What is a Freelancing?
Freelancing is part of one being self-employed. Instead of being employed by a company, freelancers tend to work as self-employed, delivering their services on a contract or project basis. The next question on your mind right now would be:
Who is a freelancer?
A freelancer is a self-employed individual who offers services to a company (or multiple) without being a W-2 employee. Freelancers can take on as much work as possible from many businesses as they want. Eventually, their career and workload are in their own hands.
Since they are obviously contractors and not employees, freelancers must pay self-employment taxes every quarter. They also do not have access to benefits like company-sponsored retirement plans or health insurance coverage, unless they are a W-2 employer at another company.
Freelancers are most common in creative industries like web design, graphic design, and article writing. However, service-based industries offer a ton of opportunities for freelancers as well. Jobs like consulting, translation, marketing and social media management are often outsourced to contract workers.
How does freelancing work?
Setting up as a freelancer is a little bit like setting up your own business. While every country has its own laws and types of business structures available for freelancers, the key factors to consider remain the same regardless of where you live or work. So, are you really interested in freelancing?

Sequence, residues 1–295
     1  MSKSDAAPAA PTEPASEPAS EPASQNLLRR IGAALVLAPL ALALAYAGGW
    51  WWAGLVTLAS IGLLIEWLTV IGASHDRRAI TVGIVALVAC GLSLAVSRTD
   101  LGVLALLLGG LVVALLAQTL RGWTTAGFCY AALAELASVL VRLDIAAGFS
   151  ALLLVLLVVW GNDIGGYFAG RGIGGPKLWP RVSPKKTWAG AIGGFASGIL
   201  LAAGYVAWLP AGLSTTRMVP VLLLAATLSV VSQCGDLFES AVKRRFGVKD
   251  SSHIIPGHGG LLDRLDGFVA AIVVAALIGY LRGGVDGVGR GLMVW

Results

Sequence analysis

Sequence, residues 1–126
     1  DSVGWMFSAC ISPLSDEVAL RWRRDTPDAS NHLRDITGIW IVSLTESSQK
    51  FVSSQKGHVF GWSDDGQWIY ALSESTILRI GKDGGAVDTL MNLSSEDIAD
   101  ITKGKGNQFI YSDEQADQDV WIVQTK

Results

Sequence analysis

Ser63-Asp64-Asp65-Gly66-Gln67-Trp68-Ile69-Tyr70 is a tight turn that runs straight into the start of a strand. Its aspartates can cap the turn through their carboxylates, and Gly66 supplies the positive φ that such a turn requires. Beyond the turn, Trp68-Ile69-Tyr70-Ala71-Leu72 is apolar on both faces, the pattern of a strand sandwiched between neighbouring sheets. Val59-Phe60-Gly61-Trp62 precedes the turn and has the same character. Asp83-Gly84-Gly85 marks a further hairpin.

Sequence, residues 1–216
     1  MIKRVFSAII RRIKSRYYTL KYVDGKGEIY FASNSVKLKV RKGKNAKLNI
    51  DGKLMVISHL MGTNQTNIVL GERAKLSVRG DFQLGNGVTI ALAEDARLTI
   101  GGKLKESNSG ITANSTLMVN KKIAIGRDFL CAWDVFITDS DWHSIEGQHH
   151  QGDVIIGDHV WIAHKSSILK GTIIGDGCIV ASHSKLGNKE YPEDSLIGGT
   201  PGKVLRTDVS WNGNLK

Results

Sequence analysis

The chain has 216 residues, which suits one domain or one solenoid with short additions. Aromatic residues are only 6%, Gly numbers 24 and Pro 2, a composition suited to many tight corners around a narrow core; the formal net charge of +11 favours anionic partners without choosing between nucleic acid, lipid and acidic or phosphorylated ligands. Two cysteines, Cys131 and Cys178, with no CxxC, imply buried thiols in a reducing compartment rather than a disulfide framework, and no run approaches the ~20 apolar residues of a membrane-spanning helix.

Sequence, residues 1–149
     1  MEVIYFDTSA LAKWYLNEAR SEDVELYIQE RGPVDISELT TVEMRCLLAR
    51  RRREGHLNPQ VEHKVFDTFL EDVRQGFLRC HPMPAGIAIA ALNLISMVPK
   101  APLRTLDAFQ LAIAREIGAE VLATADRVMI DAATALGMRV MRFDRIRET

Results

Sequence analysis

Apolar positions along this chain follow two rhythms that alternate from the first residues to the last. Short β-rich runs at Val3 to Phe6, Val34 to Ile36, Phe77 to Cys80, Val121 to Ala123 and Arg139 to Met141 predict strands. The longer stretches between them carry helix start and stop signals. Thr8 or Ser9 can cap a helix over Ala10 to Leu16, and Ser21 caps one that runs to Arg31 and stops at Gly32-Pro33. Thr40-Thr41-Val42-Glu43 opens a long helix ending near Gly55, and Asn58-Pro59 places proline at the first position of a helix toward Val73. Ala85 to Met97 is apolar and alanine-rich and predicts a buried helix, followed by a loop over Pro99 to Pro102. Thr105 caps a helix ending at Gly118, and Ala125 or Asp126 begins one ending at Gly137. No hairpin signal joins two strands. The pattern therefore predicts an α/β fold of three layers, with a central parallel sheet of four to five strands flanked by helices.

Freelancers usually work on a per-project basis. For instance, they might take on a certain number of projects every month and charge either by the project or the amount of time taken to complete the project (i.e. an hourly or even daily rate).
Freelancers set their own hours and work on deadlines. For example, they might get four assignments from a client at the beginning of the month, with deadlines scattered throughout the month. Freelancers can work from any location at any hour, and they might even freelance for extra income on the side of a full-time job.
The freelance process typically goes as follows:
- The freelancer reaches out to clients/vice versa for possible contract work
- The freelancer tackles projects at agreed set price (per project, per hour, etc.)
- The client pays the freelancer for work (taxes are not taken out of paycheck; freelancers must pay quarterly taxes)
A career in freelancing offers flexibility and a chance to hone your skills for a price that you set. If a client refuses to compensate you for your worth, you can simply reject their offer and move on to the next client.
What are to be considered before becoming a freelancer
- Type of legal entity to work under. To start working as a freelancer (that is, officially), you’ll need to register your business with the local government. Keep in mind that the legal entity you choose (e.g. Sole Proprietorship, Limited Liability Company) will impact the amount of taxes you have to pay, your personal liability and the amount of paperwork required — not something that should be brushed aside carelessly!